under Rule 65 of the Rules of Court, which is really the appropriate remedy for review of interlocutory orders such as those here involved.
Now, to the merits. As just intimated, the petition seeks to make the following points:nadchanroblesvirtualawlibrary
(a) that the PCGG had no authority to conduct the preliminary investigation of the charges against Romualdez of violations of Section 7 of the Anti-Graft and Corrupt Practices Act, conformably with Cojuangco v. PCGG, 190 SCRA 226, and Cruz v. Sandiganbayan, 194 SCRA 474; hence the investigation conducted through its authorized deputy, Fiscal Cesareo del Rosario, was invalid because beyond its jurisdiction; 25 and
(b) as a necessary consequence, the Sandiganbayan "acted without jurisdiction and/or with grave abuse of discretion . . . in taking cognizance of the twenty-four cases . . . filed by PCGG against petitioner based on . . . (such) preliminary investigation," it appearing on "the face of the informations themselves . . . that the party filing the information does not have the authority to file the same." 26
Additionally, the petition contends that the Sandiganbayan erred or acted capriciously and whimsically: (a) "in ruling that the issue of the validity of the informations against petitioner cannot be entertained unless the latter had physically submitted himself to respondent court;" and (b) "in ordering the confiscation of the cash deposit . . ."
The Office of the Solicitor General, in its comment dated November 6, 1992, maintains that the petition should be dismissed upon the following premises:nadchanroblesvirtualawlibrary
1. Without "physically submitting himself to . . . (the Sandiganbayan's) jurisdiction," petitioner has no personality to "raise any alleged defect in the preliminary and judicial proceedings." Prescinding therefrom, absence of or defects in, a preliminary investigation have no effect on the jurisdiction of the courts. 27
2. The PCGG has authority to conduct preliminary investigations in ill-gotten wealth cases, 28 including the "non-filing of statements of assets and liabilities . . . (as) means of concealing one's assets and frustrating the efforts of the Government to determine the actual value or extent of a public officer's wealth." 29
3. The posting of the cash deposit was an acceptance of the conditions set out in the Resolution of November 4, 1991, and estops petitioner "from assailing any of them."
Undoubtedly, the PCGG has the power, under Section 2(a) of Executive Order No. 1, to investigate and prosecute "offenses committed in the acquisition of . . . ill-gotten wealth" amassed before or after February 25, 1986. 30 It does not seem, however, that this power extends to other acts or omissions not involving "ill-gotten wealth" penalized by the Anti-Graft and Corrupt Practices Act. So did this Court hold in Cruz v. Sandiganbayan, 31 viz.:nadchanroblesvirtualawlibrary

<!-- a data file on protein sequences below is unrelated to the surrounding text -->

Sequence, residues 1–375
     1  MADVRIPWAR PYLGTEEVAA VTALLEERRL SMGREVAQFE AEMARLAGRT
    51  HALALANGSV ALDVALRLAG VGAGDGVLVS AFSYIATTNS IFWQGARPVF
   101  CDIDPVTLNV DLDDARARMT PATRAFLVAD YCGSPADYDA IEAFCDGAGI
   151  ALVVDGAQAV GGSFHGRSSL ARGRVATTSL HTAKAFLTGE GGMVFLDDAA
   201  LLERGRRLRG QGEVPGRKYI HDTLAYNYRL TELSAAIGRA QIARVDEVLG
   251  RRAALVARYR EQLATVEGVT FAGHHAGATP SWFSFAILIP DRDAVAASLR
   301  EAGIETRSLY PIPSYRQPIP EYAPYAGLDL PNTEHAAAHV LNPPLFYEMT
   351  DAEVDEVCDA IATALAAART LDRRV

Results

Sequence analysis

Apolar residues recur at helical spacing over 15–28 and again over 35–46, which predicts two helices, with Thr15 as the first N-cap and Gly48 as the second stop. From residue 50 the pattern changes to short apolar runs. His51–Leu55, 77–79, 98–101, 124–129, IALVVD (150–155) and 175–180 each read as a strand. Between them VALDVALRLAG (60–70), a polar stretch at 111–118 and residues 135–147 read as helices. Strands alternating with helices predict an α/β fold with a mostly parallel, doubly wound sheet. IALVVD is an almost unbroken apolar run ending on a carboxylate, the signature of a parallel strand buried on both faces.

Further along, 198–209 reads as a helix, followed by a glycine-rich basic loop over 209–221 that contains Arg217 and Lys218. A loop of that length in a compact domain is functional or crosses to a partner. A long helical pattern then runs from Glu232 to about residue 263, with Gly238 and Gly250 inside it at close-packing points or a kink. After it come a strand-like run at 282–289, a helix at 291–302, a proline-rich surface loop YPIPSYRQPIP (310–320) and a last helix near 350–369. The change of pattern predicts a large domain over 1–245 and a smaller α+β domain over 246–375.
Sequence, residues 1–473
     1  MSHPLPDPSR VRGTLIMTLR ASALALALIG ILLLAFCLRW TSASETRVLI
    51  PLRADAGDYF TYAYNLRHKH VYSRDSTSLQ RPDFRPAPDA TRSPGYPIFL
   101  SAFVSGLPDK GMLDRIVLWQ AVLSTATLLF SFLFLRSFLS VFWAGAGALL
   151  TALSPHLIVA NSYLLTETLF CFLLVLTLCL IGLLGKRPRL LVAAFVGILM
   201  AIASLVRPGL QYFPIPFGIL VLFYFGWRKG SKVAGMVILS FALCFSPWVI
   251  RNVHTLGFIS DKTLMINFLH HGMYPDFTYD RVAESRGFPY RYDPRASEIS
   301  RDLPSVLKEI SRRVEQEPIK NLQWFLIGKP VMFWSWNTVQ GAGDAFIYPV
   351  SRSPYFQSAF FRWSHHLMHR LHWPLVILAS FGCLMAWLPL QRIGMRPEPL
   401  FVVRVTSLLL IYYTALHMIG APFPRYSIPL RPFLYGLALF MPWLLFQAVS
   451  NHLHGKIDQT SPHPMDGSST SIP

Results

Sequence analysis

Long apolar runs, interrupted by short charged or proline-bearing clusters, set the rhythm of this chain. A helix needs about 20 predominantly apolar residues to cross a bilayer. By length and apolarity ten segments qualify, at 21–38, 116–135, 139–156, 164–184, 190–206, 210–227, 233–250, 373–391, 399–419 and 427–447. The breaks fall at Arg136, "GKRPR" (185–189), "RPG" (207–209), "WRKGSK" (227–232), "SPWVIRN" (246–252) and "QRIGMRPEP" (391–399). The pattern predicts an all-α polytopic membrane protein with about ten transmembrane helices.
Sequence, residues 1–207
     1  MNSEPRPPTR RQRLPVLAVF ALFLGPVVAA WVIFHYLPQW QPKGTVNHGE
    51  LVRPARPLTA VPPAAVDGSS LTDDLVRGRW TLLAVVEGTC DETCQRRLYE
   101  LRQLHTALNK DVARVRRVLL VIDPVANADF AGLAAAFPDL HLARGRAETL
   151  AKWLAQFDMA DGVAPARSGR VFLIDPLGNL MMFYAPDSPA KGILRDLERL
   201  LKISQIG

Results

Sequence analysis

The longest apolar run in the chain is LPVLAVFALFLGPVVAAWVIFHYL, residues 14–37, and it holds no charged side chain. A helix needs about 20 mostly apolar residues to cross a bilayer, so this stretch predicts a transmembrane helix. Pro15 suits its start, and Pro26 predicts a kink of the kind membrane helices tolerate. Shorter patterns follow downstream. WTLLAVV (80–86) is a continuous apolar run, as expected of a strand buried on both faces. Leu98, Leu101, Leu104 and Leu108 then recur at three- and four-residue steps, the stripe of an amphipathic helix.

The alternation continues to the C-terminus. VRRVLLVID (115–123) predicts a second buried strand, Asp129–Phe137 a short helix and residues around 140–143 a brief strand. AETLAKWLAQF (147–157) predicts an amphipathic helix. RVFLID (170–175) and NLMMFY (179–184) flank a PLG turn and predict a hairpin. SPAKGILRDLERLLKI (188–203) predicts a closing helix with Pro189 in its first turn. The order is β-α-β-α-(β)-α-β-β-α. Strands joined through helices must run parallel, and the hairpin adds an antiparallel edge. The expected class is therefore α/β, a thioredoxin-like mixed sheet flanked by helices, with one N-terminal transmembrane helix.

"A close reading of Sections 2(a) and 3, of Executive Order No. 1, in relation (to) Sections 1, 2, and 3 of Executive Order 14, show that what the authority of the respondent PCGG to investigate and prosecute covers are:nadchanroblesvirtualawlibrary
(a) The investigation and prosecution of the civil action for the recovery of ill-gotten wealth under Republic Act No. 1739, accumulated by former President Marcos, his immediate family, relatives, subordinates and close associates, whether located in the Philippines or abroad, including the takeover or sequestration of all business enterprises and entities owned or controlled by them, during his administration, directly or through his nominees, by taking undue advantage of their public office and/or using their powers, authority and influence, connections or relationship; and
(b) The investigation and prosecution of such offenses committed in the acquisition of said ill-gotten wealth as contemplated under Section 2(a) of Executive Order No. 1.
"However, other violations of the Anti-Graft and Corrupt Practices Act not otherwise falling under the foregoing categories, require a previous authority of the President for the respondent PCGG to investigate and prosecute in accordance with Section 2 (b) of Executive Order No. 1. Otherwise, jurisdiction over such cases is vested in the Ombudsman and other duly authorized investigating agencies . . .
"Thus for a penal violation to fall under the jurisdiction of the respondent PCGG under Section 2(a) of Executive Order No. 1, the following elements must concur:nadchanroblesvirtualawlibrary
(1) It must relate to alleged ill-gotten wealth;
(2) Of the late President Marcos, his immediate family, relatives, subordinates and close associates;
(3) Who took undue advantage of their public office and/or used their power, authority, influence, connections or relationship."
Now, the crimes ascribed to Romualdez (failure to file his annual statements of assets and liabilities) do not "relate to alleged ill-gotten wealth" amassed by him. No such relation may be perceived in the indictments themselves, which in fact merely state that there was no justifiable cause for Romualdez's refusal or failure to file his annual statements. Moreover, the Sandiganbayan itself made the finding that the cases against Romualdez did not refer to acquisition of wealth under a crony status, but "solely . . . (to) his bare physical non-compliance with his mechanical duty to file his statement of assets and liabilities over a period of twenty-four (24) years . . .;" and that the omissions have no bearing on Civil Case No. 0035 against Romualdez involving transactions in which he "allegedly took advantage of his relationship with the spouses Ferdinand and Imelda Marcos." These considerations also call for rejection of the Solicitor General's theory that Romualdez's "non-filing of statements and assets and liabilities . . . (was) a means of concealing . . . (his) assets and frustrating the efforts of the Government to determine the actual value or extent of . . . (his) wealth." 32